The film is loosely based on the short story The Treasure of Abbot Thomas, insofar that it adapts the central premise of a librarian working at a gothic cathedral shrouded in a dark, supernatural past. Writers Dario Argento and Franco Ferrini initially conceived the film as the third and final entry in the popular Dèmoni series; however, director Michele Soavi, a long-time protege of Argento who had served as assistant director on several of his film, insisted that the film stand alone and not connected with the first two entries, rewriting it to remove any direct references to the previous films or their mythology.[4] Soavi has derisively referred to them as "Pizza Schlock", and expressed that he wanted The Church to be more sophisticated. In an interview with Cinefantastique, Soavi explained that he wished to move beyond with his creations following the film's release, and because of that he parted ways with Argento, ending their long-time creative partnership.[5] Though only Soavi, Argento, and Ferrini are given on-screen writing credits, additional rewrites were made by Dardano Sacchetti and Lamberto Bava, with the film's medieval prologue being penned by Bava's brother Fabrizio. English-language dialogue was written by ADR director Nick Alexander, bringing the total number of writers on the film, credited or otherwise, to eight.

Argento and Soavi originally intended for the film's titular church to be St. Lorenz Church in Nuremberg, even performing several test shots there, but city officials objected to the location's use in a horror film. The production ultimately settled on using Matthias Church in Budapest, an archetecturally-similar and historically significant location that is the real-life burial ground of both Béla III and Agnes of Antioch. The film utilized the location for both its late gothic-style exterior and massive interior congregation hall, as well as prominently featuring its iconic pulpit. The remaining majority of interiors were shot on studio sets in Rome, while additional exteriors were filmed in downtown Hamburg, Germany.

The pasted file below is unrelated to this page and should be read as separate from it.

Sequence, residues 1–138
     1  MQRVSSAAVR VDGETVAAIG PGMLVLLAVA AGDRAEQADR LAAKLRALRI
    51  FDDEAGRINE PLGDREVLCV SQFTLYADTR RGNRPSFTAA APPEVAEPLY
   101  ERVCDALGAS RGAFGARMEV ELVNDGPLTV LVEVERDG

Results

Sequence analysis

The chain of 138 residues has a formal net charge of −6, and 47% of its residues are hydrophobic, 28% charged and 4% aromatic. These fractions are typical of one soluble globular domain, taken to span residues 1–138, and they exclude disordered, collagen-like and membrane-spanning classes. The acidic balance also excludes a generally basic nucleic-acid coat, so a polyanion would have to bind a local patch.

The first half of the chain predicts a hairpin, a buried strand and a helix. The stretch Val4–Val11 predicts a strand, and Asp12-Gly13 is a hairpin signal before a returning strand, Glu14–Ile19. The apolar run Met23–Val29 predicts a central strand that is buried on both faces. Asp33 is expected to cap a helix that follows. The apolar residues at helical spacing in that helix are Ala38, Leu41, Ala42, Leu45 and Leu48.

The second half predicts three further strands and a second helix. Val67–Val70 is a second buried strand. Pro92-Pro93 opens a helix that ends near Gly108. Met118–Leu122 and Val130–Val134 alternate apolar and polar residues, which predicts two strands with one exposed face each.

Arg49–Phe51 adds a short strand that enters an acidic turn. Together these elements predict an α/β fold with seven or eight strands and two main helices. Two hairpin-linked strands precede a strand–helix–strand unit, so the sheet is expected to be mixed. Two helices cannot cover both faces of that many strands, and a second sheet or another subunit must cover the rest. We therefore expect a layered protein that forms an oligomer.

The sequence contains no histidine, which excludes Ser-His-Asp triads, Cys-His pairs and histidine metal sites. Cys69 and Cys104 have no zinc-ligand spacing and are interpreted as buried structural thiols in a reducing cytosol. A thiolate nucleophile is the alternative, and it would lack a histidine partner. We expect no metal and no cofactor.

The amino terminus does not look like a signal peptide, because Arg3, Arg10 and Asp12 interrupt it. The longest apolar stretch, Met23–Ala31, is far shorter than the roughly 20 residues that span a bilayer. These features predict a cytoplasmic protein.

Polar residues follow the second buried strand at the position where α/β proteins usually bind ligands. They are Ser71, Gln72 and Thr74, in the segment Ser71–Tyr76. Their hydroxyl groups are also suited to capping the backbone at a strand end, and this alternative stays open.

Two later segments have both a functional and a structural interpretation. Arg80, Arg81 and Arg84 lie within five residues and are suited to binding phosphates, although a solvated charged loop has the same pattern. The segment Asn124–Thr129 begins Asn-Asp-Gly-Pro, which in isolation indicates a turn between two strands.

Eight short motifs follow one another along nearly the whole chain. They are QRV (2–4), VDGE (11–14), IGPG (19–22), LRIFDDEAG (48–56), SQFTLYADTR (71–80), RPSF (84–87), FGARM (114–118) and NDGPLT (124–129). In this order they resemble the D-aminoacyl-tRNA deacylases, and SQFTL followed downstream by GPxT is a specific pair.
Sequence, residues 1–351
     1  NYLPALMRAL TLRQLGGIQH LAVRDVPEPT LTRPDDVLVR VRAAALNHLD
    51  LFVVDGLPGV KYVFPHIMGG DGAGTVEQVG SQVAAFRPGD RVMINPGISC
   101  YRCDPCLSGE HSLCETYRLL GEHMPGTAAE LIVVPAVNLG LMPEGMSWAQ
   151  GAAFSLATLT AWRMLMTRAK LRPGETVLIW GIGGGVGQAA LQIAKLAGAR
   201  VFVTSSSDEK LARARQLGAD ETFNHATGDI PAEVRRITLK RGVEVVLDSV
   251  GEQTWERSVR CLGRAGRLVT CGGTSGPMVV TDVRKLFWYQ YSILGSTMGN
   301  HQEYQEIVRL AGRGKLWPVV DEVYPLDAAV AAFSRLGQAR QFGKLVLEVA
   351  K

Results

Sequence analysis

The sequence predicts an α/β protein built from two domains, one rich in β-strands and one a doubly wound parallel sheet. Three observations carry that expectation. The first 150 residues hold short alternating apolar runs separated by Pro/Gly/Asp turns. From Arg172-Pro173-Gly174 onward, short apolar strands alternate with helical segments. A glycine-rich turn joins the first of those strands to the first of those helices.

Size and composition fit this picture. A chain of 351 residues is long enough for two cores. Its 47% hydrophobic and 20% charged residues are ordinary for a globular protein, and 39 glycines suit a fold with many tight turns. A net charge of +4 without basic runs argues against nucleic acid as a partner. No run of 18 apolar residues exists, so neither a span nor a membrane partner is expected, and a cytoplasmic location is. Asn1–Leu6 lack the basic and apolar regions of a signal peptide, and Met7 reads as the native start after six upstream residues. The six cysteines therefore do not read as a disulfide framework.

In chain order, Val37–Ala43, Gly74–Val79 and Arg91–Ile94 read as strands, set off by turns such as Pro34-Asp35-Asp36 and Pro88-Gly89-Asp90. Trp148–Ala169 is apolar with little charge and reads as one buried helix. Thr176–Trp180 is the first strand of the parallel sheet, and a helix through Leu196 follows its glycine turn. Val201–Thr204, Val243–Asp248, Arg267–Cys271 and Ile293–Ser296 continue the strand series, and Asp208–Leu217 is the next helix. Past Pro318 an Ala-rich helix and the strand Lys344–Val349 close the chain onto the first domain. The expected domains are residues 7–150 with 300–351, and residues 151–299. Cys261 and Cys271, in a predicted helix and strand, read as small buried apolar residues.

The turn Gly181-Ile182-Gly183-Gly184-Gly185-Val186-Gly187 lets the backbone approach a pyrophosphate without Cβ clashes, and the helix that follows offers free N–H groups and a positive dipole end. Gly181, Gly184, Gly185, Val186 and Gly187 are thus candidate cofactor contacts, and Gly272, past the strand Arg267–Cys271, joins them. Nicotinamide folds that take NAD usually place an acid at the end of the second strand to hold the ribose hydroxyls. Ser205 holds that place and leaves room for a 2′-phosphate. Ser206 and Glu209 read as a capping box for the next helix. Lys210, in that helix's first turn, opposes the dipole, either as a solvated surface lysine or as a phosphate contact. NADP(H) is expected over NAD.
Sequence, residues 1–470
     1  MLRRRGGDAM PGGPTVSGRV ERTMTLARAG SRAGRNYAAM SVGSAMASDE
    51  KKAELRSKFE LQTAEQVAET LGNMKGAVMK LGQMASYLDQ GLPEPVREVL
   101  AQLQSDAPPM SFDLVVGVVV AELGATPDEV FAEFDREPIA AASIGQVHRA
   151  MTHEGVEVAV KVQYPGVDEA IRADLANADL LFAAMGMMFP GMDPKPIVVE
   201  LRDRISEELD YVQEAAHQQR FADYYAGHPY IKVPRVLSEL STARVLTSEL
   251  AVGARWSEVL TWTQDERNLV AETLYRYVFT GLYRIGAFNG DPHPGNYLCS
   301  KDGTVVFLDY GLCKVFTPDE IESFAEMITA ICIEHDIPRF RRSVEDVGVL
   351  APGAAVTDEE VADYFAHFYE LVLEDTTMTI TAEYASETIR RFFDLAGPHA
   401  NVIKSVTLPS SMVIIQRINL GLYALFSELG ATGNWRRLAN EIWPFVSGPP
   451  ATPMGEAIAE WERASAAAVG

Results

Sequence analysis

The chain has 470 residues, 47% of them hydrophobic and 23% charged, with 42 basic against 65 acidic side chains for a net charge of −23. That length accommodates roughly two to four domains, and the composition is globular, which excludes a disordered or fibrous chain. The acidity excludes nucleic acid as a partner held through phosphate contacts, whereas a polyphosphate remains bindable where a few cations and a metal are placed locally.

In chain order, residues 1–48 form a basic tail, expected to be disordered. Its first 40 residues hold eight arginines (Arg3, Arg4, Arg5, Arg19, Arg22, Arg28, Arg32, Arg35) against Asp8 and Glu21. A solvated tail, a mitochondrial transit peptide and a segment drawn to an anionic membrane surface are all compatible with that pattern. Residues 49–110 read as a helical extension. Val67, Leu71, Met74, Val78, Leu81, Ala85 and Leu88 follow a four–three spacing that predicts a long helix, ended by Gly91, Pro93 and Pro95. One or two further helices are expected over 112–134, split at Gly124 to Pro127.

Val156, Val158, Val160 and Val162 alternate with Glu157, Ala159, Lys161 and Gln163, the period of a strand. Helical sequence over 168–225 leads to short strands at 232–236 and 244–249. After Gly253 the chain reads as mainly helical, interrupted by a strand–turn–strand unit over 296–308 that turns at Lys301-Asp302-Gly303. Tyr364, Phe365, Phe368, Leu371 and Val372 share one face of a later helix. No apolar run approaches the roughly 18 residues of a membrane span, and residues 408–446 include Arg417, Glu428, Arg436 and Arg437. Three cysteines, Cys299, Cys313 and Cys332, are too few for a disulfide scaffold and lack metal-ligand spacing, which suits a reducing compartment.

The film's visuals contains many allusions and references to religious artwork. The design for the reptilian gargoyle demon is taken directly from an infamous 17th century woodcut of a man selling his soul, while the image of a naked woman embracing the demon is a lifted from the painting "Vampire's Kiss" by fantasy artist Boris Vallejo.

As with many Italian genre films of the period, the film was released under a myriad of alternative titles, including Demons 3, Demons 3: The Church, Demon Cathedral, Cathedral of Demons, and In the Land of Demons.[6]


The film's score was composed by prog-rock musician Keith Emerson, composer Philip Glass, and the band Goblin, whom had previously collaborated with writer/producer Argento on several prior films, including Suspiria and Tenebrae. In additions to original compositions, the soundtrack features excerpts from Glass' 1981 chamber music piece Glassworks and additional tracks by Simon Boswell and Fabio Pignatelli.[7]


The film premiered in Rome on 10 March 1989 and was released in the Italian cinemas on the same day.[8] It received similar wide releases in both Japan and Spain, and a limited release in the United States before being released on videocassete.

Critical reception[edit]

In a contemporary review, Variety referred to the film as a "technically proficient but empty horror exercise".[9] The review noted that the musical score by Goblin was The Church's "strongest element."[9]

On review aggregator website Rotten Tomatoes, The Church currently has an approval rating of 64% based on eleven reviews, satisfying the "Fresh" criteria.[10] Allmovie called it a "gothic-drenched apocalyptic nightmare" that builds "a suffocating sense of quiet dread".[11]




  • Prouty, Howard H., ed. (1994). Variety Television Reviews 1923-1992. Garland Publishing Inc. ISBN 0-8240-3796-0.